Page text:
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Engineering porous silicon photonic structures towards fast and reliable optical biosensing

Author: Yiliang Zhao
Publisher: [Nashville, Tenn.] : Vanderbilt University, 2017.
Dissertation: Ph. D. Vanderbilt University 2017. in Interdisciplinary Materials Science
Edition/Format:   Thesis/dissertation : Document : Thesis/dissertation : Manuscript : eBook   Archival Material   Computer File : English
Summary:
Porous silicon, a nanostructured material formed by electrochemical etching of a silicon substrate, is an ideal candidate for constructing optical biosensors due to its large internal surface area, straightforward fabrication, and tunable optical properties that can be exploited to form numerous photonic structures. A major challenge for porous silicon biosensors is that its reactive surface is highly susceptible to  Read more...
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Genre/Form: Electronic dissertations
Academic theses
Material Type: Document, Thesis/dissertation, Manuscript, Internet resource
Document Type: Internet Resource, Computer File, Archival Material
All Authors / Contributors: Yiliang Zhao
OCLC Number: 1105757967
Description: 1 online resource : illustrations
Responsibility: by Yiliang Zhao.

Abstract:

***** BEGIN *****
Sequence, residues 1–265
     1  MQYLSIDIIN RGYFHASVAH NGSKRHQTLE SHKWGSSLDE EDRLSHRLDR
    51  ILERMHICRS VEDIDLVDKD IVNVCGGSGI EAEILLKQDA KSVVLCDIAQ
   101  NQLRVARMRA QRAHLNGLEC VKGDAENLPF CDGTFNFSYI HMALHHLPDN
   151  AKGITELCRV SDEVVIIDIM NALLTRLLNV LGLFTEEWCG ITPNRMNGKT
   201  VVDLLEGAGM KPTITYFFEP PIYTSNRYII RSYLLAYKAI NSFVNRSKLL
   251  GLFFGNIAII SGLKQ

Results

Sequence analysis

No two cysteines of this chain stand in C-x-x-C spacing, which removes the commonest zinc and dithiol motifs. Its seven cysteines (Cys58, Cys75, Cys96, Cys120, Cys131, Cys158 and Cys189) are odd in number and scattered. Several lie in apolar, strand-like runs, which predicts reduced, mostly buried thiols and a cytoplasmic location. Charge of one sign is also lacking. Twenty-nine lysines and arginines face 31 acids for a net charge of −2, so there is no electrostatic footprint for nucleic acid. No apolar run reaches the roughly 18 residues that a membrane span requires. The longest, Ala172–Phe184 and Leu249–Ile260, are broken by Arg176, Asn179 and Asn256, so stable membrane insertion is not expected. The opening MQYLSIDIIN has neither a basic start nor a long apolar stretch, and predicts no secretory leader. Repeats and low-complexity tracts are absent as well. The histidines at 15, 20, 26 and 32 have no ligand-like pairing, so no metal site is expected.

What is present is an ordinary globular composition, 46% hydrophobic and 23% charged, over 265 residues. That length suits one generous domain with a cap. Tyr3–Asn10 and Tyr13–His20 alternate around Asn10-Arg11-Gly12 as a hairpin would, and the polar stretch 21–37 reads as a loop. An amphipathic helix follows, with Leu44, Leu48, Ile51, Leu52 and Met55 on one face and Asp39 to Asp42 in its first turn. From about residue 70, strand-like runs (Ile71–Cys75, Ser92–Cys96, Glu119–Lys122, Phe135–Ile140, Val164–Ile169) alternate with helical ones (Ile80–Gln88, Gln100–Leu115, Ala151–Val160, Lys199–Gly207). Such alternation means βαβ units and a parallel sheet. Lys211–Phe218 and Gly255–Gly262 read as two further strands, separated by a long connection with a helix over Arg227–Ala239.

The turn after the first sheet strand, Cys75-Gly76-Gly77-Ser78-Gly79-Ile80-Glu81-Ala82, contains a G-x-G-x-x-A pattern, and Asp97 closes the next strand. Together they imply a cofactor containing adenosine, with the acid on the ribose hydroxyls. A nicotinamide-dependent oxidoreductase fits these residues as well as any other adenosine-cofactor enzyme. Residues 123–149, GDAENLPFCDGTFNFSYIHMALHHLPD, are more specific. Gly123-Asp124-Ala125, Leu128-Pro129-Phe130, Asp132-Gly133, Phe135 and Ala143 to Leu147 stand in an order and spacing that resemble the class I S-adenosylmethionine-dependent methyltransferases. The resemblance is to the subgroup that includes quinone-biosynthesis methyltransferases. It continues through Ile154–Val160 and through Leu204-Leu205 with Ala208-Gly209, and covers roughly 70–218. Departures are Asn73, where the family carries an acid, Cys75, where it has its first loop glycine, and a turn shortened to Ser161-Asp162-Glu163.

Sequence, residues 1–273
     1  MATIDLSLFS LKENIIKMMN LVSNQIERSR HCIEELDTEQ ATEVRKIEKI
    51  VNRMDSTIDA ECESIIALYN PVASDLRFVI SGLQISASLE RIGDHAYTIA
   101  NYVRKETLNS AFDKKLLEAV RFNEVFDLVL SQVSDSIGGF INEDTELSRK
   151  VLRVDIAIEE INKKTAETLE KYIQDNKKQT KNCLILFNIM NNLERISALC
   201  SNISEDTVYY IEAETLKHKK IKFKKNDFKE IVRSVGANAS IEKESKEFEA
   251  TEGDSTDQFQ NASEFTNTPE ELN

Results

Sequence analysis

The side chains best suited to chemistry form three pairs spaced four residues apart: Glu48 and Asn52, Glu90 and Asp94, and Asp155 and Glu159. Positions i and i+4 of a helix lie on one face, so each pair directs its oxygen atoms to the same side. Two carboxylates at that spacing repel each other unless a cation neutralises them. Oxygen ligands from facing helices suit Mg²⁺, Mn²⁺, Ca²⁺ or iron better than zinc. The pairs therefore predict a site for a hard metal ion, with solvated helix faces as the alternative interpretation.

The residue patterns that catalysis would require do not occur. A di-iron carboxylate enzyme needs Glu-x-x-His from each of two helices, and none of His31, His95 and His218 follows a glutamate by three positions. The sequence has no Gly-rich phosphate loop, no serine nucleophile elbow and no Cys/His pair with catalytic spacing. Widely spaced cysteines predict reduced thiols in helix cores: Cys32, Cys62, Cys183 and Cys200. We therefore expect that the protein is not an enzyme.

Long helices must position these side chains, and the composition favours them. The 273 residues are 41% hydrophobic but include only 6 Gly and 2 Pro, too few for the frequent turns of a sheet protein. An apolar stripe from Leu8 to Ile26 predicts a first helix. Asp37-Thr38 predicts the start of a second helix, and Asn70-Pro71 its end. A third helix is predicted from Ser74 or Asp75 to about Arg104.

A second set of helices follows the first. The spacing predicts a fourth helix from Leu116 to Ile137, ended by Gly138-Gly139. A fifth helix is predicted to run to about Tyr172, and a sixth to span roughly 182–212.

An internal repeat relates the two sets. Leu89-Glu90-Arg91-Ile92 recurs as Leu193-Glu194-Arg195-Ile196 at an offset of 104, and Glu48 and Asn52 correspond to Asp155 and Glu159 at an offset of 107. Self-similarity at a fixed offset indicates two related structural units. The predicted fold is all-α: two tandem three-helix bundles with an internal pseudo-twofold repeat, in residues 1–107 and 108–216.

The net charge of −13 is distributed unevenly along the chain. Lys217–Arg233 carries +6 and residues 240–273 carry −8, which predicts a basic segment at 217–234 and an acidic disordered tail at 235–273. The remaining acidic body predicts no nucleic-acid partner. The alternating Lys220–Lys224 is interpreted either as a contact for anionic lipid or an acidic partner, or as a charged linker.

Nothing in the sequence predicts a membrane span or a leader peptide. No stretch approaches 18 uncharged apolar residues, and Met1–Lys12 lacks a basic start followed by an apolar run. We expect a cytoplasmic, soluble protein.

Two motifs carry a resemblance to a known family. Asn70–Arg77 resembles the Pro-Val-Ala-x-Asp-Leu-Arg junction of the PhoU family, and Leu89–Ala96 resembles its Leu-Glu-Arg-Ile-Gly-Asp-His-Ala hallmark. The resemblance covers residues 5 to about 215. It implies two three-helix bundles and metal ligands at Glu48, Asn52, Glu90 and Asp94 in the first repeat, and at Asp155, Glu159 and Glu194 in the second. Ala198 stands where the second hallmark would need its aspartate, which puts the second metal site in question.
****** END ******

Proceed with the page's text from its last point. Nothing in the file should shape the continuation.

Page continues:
Porous silicon, a nanostructured material formed by electrochemical etching of a silicon substrate, is an ideal candidate for constructing optical biosensors due to its large internal surface area, straightforward fabrication, and tunable optical properties that can be exploited to form numerous photonic structures. A major challenge for porous silicon biosensors is that its reactive surface is highly susceptible to oxidation and corrosion in an aqueous environment. In DNA sensing applications, porous silicon corrosion can mask the DNA binding signal as the dissolution of porous silicon is accelerated by the negative charges on the phosphate backbone of the DNA molecules. This corrosion process can be mitigated through surface passivation of porous silicon and the use of charge neutral peptide nucleic acid molecules as capturing probes for DNA targets. Complete mitigation can be achieved by additionally introducing Mg2+ ions to shield the negative charges on the DNA targets. Another key challenge facing porous silicon biosensors is the inefficient analyte transport through nanopores, which can be as slow as a few molecules per pore per second for molecules whose size approaches that of the pore opening. An open-ended porous silicon membrane is demonstrated to overcome the mass transport challenge by allowing analytes to flow through the pores in microfluidic-based assays. The flow-through approach for biosensing using porous silicon membranes enables a 6-fold improvement in sensor response time compared to closed-ended, flow-over porous silicon sensors when detecting high molecular weight analytes (e.g., streptavidin). For small analytes, little to no sensor performance improvement is observed as the closed-ended porous silicon films do not suffer significant mass transport challenges with these molecules. Experimental results and finite element method simulations also indicate that the flow-through scheme enables more reasonable response times for the detection of dilute analytes and reduces the volume of solution required for analysis. Overall, the improvement of surface stabilization and analyte transport efficiency in porous silicon opens the door to a fast and reliable optical biosensing platform.

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